We are launching Round 2 of our campaign against Breaking the Silence today--read the shocking Loeliger revelations here and then return to this E-newsletter for instructions on how you can participate.

Round 2 of the Campaign Begins

To date, we have generated over 4,000 calls and letters to PBS protesting Breaking the Silence. Round 2 begins now--I want all of you to join our campaign by clicking here.

There have been many indications, some of which I am not at liberty to discuss, that our protests have concerned PBS. The film, which aired on some PBS affiliates on October 20 and will air on many others in the coming weeks, is a direct assault on fatherhood. The film portrays fathers as batterers and child molesters who steal children from their mothers. We want PBS to allow both sides of this issue to be heard.

Again, I want all of you to join our campaign by clicking here.

Our Side Gets Chance to Speak on Houston PBS

To its credit, Houston PBS followed through on its commitment to allow our side to air its view of Breaking the Silence: Children's Stories and Parental Alienation Syndrome on its round-table discussion show The Connection on Friday, October 28 at 8 PM CST and again on Sunday, October 30 at 5 PM CST.

The show featured Dr. Reena Sommer, an expert on Parental Alienation Syndrome, as well as Andy Sperling, director of Fathers for Equal Rights in Houston. The opposition was represented by Thomas H. Burton III, General Counsel for the nonprofit organization Justice for Children.

Burton labeled Parental Alienation Syndrome "junk science" and his group's website calls claims of PAS an "unethical, immoral" tactic.

According to Barbara Sweet of Help Stop PAS Inc, our side's points came across loud and clear.

Thanks to Sweet, who has done a lot of good work on this issue, as well as to Sommer and Sperling.

Also, I suggest you commend Ken Lawrence, the Director of Programming for PBS of Houston, for his evenhandedness--to write him, click here.

To read a more detailed description of the Houston broadcast, click here.

I'm disappointed and a little surprised at the position Justice for Children is taking on PAS. I had one of their leaders, Donnalee Sarda, on His Side with Glenn Sacks earlier this year, and while Donna and I certainly don't see eye to eye on everything, she seems much more reasonable than what is posted on their website.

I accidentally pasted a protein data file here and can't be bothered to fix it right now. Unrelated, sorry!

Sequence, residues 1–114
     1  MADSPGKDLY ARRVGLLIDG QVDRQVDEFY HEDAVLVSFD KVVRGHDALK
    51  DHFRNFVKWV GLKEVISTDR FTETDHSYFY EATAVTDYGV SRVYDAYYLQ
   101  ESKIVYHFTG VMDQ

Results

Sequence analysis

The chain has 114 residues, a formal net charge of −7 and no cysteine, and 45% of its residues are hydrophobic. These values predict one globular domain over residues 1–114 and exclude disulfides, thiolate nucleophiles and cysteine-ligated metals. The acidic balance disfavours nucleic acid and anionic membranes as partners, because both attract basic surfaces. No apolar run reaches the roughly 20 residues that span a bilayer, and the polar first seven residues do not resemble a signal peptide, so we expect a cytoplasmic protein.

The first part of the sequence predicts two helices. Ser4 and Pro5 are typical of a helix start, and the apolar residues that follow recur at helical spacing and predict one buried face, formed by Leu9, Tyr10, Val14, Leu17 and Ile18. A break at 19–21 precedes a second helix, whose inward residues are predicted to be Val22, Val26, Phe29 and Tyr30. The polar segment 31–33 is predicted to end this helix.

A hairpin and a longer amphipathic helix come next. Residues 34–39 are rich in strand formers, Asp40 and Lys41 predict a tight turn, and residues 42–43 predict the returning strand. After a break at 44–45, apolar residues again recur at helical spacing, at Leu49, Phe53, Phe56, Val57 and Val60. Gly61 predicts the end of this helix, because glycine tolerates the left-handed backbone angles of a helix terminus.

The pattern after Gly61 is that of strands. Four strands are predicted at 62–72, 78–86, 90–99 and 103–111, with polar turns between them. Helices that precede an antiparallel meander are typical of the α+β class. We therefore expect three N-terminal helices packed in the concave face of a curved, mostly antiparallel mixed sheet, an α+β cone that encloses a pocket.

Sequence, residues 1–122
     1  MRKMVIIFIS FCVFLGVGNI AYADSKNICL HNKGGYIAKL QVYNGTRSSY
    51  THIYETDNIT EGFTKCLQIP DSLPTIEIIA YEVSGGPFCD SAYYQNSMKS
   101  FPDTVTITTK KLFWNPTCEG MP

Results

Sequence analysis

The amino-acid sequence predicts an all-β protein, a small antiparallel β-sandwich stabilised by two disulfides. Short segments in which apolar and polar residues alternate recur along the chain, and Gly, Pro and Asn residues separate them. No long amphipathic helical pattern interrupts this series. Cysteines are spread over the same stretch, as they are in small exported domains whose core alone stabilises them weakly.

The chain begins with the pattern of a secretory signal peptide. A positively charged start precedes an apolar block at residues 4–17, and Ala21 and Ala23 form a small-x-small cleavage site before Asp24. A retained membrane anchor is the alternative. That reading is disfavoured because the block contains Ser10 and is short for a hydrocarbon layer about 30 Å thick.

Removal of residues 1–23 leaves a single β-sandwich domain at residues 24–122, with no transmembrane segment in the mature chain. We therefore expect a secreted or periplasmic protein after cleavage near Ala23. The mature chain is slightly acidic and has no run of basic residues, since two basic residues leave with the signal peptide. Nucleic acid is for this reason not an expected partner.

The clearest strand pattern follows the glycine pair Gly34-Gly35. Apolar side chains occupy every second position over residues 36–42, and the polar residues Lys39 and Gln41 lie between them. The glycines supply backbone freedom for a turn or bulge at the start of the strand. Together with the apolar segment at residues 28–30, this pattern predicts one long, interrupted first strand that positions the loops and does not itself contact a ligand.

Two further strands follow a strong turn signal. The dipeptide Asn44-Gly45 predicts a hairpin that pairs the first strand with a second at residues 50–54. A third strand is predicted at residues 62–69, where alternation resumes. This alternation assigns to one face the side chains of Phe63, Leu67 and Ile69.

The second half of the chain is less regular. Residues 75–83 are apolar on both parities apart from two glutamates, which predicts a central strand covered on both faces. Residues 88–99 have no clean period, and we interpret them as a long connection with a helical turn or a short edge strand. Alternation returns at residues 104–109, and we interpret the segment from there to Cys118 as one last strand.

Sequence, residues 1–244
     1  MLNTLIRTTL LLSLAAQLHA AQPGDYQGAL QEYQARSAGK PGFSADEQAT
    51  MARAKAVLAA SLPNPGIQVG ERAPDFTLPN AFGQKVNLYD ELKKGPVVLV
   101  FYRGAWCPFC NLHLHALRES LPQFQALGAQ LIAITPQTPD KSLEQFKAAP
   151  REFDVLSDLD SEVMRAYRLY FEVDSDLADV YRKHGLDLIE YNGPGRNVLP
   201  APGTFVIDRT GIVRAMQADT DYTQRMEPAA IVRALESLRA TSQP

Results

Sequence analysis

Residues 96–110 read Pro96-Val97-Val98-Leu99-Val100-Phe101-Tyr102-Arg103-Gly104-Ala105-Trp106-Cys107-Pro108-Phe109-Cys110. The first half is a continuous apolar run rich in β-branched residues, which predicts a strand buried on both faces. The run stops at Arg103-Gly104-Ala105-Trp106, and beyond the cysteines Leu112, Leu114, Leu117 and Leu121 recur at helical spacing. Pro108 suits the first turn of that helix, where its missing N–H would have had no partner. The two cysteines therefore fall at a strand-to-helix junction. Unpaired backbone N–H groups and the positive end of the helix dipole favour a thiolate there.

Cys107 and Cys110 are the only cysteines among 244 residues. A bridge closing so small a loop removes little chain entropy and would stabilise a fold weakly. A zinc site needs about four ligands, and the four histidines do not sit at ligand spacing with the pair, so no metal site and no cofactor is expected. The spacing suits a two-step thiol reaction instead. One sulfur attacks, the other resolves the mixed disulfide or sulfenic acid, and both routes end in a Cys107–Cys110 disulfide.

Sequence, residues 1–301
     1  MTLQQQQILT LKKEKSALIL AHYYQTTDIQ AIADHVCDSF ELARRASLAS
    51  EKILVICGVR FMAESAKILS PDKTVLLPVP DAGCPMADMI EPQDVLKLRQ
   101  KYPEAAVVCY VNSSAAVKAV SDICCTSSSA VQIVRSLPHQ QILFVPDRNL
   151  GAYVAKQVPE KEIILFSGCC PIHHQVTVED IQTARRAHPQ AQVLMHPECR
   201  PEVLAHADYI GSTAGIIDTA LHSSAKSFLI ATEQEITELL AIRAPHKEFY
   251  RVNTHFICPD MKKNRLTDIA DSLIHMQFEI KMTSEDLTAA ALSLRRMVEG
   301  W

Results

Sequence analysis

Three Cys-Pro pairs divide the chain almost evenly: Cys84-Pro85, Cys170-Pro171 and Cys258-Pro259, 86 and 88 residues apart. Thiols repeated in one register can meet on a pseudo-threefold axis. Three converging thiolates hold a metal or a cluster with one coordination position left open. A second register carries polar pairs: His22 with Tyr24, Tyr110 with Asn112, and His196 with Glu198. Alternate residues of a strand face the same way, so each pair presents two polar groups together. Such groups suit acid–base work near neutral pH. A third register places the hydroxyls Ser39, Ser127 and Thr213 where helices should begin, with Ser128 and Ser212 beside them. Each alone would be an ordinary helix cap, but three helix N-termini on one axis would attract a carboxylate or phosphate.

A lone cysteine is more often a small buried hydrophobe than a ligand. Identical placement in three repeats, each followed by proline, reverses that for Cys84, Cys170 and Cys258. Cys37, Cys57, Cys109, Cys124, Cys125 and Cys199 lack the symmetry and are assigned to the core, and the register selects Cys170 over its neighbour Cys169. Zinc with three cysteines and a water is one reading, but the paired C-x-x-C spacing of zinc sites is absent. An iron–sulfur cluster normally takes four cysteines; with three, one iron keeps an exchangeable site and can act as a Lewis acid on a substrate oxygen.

I receive a steady stream of letters from target parents of PAS, and I told some of the stories I was able to investigate in the first part of my co-authored column PBS Declares War on Dads (World Net Daily, 10/20/05). To deny that alienation exists, or that children can buy into the alienation and align themselves with the alienating parent against the target parent, seems to me to be an intellectually untenable position.

However, this is certainly not to say that claims of PAS are not misused--in my co-authored column PBS' Breaking the Silence: Family Law in the Funhouse Mirror (Albany Times Union, 10/20/05, Norfolk Virginian-Pilot, 10/24/05) I noted:

"To be fair, it is true that there are fathers who have alienated their own children through their abuse or personality defects, and who unfairly blame their children's mothers by claiming PAS. Yet parental alienation is a common, well-documented phenomenon. For example, a longitudinal study published by the American Bar Association in 2003 followed 700 'high conflict' divorce cases over a 12 year period, and found that elements of PAS were present in the vast majority of them."

To hear Sommer and Judy Jones of Help Stop PAS Inc on His Side, see The Lohstroh Case: Alienating Mother Pushes 10 Year-Old Boy to Kill Father (10/31/04).

Mental Health Professionals Condemn PBS's Breaking the Silence, Endorse Campaign

Last E-newsletter we announced that the American Psychological Association Says Breaking the Silence Misrepresents Its Position on PAS. Over two dozen mental health professionals have now endorsed our campaign. To read their statement, click here.

Breaking the Silence: More Credibility Problems
American Psychological Association Says Breaking the Silence Misrepresents Its Position on PAS

A spokeswoman for the American Psychological Association says that PBS's new documentary Breaking the Silence: Children's Stories distorts the APA's position on Parental Alienation Syndrome. The film criticizes PAS, which arises when one parent tries to turn his or her children against the other parent during a divorce or separation.

In the documentary Joan Meier, a professor of clinical law at George Washington University and one of the film's chief spokespersons, states that PAS "has been thoroughly debunked by the American Psychological Association." Connecticut Public Television, one of the film's producers, put out a press release promoting the film which stated that PAS had been "discredited by the American Psychological Association."